Landmark’s Guide to Bank and Monument
6th August 2018
The heart of The City, Bank and Monument make up the business capital of London. However, neither location is exactly lacking in personality, with buzzing bars and restaurants just a stone’s throw away from our business centres in the area. We have coworking spaces, meeting rooms and serviced offices available in the following locations:
Bank and Monument are two adjoining areas of London which are known for their importance to the city’s business, with its interlinked tube stations named for their proximity to two of the capital’s historical landmarks. This part of London actually has its roots in ancient Roman times, with the ruins of a millennia-old mosaic and amphitheatre a few minutes away on foot.
The Bank tube station gets its name from the nearby headquarters of the Bank Of England, which has been at its Threadneedle Street location since the 1730s. Leave Monument station, meanwhile, and you will be confronted with Sir Christopher Wren’s towering Monument to the Great Fire of London, finished in 1677.
Now, however, Bank and Monument are London’s business and insurance hubs, the beating heart of the country’s financial sector. For any company looking to find office space in London, the six Landmark centres in the area will put you right alongside the industry’s biggest names.
Bank and Monument Transport
The Bank and Monument areas are both particularly well linked by the majority of tube lines and rail networks. Underground stations with Network Rail links which provide cross-country travel for you and your customers are only a few minutes away, allowing you to conduct business nationwide, as well as offering easy access to the country’s airports for international clients.
The two connected tube stations of Bank and Monument are served by the Central, Northern, District and Circle lines. For transport connections to meetings out of London, Kings Cross St Pancras and Euston are 10 minutes away, while London Bridge is a mere three-minute tube ride. You can also get to Liverpool Street from both stations in two minutes, which has train connections to London Stansted and Southend Airports.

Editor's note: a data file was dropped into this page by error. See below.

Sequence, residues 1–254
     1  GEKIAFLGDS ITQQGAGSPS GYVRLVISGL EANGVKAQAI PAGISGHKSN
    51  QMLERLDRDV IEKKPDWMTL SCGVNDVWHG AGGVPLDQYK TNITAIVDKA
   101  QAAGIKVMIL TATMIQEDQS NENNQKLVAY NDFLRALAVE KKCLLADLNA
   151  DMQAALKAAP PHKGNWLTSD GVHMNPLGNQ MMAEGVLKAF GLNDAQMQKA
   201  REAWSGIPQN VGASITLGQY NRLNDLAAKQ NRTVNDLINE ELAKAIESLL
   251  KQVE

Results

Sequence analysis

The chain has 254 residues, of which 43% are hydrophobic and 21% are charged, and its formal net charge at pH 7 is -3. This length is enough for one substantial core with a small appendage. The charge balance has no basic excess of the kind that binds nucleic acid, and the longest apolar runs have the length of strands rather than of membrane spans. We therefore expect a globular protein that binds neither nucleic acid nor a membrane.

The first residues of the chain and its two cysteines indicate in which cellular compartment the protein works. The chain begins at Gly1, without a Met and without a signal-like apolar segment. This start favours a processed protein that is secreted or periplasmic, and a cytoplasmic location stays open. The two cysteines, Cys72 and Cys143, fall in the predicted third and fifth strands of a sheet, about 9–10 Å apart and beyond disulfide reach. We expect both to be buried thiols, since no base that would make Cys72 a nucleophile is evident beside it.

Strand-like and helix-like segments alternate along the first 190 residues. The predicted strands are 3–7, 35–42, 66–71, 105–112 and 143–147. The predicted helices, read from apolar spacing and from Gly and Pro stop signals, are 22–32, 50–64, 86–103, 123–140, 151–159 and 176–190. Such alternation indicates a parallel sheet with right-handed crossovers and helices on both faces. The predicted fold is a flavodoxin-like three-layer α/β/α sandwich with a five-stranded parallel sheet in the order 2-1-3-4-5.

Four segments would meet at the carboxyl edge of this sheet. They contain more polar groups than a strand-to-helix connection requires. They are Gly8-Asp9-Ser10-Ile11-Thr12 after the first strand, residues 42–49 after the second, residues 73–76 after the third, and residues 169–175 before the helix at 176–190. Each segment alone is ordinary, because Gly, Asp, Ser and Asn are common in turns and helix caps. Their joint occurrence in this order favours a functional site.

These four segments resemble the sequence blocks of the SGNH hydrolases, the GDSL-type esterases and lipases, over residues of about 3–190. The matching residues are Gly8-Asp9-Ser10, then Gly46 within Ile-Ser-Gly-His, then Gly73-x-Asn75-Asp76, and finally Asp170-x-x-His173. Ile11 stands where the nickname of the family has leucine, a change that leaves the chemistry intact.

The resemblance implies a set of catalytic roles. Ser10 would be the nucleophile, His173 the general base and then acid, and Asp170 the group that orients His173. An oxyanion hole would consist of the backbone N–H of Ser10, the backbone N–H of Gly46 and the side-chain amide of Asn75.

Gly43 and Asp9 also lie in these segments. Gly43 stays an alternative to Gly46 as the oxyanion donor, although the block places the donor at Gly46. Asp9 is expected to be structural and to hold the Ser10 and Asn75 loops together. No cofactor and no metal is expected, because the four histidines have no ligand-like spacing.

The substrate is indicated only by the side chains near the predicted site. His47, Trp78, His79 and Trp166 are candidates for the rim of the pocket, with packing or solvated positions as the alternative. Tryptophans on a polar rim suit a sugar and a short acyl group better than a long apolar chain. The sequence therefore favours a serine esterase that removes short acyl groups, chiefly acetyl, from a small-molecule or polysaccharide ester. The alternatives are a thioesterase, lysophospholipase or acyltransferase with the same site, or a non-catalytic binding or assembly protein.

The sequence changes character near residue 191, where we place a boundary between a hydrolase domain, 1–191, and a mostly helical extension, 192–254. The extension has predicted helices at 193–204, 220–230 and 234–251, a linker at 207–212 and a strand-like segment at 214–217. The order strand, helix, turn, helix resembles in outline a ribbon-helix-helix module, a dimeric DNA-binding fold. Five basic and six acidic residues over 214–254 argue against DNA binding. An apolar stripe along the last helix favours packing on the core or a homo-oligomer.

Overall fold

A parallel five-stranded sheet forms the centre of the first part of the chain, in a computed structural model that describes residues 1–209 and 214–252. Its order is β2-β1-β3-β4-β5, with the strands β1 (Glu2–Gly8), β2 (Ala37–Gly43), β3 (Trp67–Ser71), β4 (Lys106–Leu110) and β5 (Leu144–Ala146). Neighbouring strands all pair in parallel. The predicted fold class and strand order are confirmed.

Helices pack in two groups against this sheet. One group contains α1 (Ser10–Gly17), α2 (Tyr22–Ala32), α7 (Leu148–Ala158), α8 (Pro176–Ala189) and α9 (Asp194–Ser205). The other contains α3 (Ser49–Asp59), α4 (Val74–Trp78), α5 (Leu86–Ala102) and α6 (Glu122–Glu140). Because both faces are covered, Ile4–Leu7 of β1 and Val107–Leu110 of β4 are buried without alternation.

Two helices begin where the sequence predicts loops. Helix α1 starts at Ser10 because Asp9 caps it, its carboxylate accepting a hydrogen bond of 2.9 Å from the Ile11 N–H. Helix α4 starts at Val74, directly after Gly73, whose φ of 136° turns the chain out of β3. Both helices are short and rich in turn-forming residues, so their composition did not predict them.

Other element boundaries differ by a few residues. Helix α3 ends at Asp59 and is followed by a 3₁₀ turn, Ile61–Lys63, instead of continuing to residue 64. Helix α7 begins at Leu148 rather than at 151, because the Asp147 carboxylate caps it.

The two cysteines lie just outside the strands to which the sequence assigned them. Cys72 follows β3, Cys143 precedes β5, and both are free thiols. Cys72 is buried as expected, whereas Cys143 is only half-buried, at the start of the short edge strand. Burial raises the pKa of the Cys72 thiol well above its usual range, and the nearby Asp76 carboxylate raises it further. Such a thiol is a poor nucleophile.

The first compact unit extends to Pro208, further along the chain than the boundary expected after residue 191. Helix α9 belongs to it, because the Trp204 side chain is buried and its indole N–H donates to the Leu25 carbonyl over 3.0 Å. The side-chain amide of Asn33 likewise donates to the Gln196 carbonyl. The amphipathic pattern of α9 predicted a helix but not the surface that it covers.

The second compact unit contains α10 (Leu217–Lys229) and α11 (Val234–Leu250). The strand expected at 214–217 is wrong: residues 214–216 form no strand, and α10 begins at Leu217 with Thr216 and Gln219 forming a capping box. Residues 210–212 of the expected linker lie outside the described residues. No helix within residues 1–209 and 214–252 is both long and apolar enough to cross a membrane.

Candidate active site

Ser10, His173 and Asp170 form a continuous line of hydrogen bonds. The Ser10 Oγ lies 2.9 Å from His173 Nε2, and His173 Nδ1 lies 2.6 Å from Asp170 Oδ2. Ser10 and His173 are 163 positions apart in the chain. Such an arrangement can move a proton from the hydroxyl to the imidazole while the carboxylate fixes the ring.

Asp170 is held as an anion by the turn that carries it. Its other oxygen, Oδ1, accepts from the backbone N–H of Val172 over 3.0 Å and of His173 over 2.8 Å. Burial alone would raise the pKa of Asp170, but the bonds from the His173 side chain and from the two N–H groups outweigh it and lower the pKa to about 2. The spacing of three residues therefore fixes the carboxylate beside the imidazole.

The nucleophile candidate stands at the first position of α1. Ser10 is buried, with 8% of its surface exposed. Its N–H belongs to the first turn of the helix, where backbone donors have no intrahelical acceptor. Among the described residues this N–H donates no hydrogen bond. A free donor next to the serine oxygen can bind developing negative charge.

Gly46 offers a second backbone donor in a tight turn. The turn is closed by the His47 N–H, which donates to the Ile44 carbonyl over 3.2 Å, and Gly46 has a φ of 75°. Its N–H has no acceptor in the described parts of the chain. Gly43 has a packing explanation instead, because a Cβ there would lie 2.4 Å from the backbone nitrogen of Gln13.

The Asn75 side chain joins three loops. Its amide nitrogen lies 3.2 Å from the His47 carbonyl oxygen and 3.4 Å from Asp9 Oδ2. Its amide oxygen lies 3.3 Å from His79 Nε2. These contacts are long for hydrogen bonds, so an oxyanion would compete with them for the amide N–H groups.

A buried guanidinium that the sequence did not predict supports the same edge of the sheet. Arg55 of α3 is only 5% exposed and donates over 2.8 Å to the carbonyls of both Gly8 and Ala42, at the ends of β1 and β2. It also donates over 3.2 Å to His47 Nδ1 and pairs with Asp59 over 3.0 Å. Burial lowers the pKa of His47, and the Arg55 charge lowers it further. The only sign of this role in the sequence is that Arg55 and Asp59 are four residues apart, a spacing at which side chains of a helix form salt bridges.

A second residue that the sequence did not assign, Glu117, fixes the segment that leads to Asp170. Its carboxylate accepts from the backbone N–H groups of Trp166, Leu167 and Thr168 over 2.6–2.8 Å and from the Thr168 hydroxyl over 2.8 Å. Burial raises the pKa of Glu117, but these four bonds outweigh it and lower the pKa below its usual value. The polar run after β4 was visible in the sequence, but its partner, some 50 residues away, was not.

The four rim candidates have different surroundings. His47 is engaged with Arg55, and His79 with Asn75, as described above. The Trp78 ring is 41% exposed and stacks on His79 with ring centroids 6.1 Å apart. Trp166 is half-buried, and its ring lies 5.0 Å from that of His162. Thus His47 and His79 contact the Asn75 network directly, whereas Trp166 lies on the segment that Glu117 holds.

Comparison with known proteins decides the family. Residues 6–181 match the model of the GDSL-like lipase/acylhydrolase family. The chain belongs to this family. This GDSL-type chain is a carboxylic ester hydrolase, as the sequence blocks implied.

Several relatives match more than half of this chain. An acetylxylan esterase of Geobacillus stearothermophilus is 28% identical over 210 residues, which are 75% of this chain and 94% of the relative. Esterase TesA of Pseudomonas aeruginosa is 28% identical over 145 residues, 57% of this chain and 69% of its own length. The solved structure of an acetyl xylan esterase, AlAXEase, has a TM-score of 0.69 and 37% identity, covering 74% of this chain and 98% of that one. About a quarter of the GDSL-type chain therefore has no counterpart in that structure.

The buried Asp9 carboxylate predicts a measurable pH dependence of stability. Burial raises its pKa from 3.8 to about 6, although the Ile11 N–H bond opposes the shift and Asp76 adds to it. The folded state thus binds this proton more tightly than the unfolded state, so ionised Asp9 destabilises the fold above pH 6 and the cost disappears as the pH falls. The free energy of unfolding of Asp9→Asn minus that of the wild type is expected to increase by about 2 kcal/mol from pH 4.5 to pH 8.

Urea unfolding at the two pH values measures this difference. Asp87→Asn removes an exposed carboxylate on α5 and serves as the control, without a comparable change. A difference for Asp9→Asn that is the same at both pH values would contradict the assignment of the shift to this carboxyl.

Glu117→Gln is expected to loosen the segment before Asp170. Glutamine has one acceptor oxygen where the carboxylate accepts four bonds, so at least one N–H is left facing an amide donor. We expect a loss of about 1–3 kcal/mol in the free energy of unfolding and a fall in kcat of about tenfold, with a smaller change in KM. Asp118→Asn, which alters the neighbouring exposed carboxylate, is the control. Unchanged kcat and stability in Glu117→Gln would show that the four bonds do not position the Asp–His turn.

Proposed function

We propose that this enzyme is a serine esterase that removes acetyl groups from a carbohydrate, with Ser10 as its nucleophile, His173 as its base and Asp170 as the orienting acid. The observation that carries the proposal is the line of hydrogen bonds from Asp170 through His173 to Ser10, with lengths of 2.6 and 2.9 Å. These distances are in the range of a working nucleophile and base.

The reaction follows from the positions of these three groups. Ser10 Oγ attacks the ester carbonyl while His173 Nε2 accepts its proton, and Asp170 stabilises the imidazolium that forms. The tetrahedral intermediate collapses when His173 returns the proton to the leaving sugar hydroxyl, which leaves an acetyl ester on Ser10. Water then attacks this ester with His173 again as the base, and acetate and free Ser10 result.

Where to eat near Bank and Monument
Considering its status as the business capital of London, Bank and Monument have no shortage of diverse eateries which are suitable for post-work get-togethers or lunch meetings with clients. Here are three of our favourite restaurants in The City:
Opened in 2013 and situated in a National Heritage listed building once home to a branch of Lloyds bank, Hispania’s menu ambitiously promises to give diners “the spirit of Spain”. The restaurant was founded by Marcos Morán, whose family have run the Michelin starred Casa Gerardo for five generations, and more than delivers on that pledge. The food at Hispania is authentic Spanish fare at its finest. Whether you are looking for outstanding tapas, the finest Ibérico ham, or a whole roast suckling pig to share between 8 (with 24 hours notice, of course), there is something for everyone, and meals to suit any occasion. Ideal for impressing clients or for a well-earned chance to let your hair down after a hard week—the wine list is exemplary—Hispania has it all.
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A basement dim sum restaurant on Pudding Lane, MBER—the name references its location on the street where the Great Fire of London started—may have only been open for a couple of years, but it has been sparking major interest in the area ever since. The pan-Asian fusion menu is served across the restaurant’s five areas, including three private dining rooms, making it ideal for lunch or dinner meetings with clients. From a dazzling array of cocktails and sakes to dishes which take inspiration from across the Asian continent, the food on offer at MBER is unparalleled, whether you’re in the mood for traditional chicken satays or more esoteric fare like char-siu doughnuts.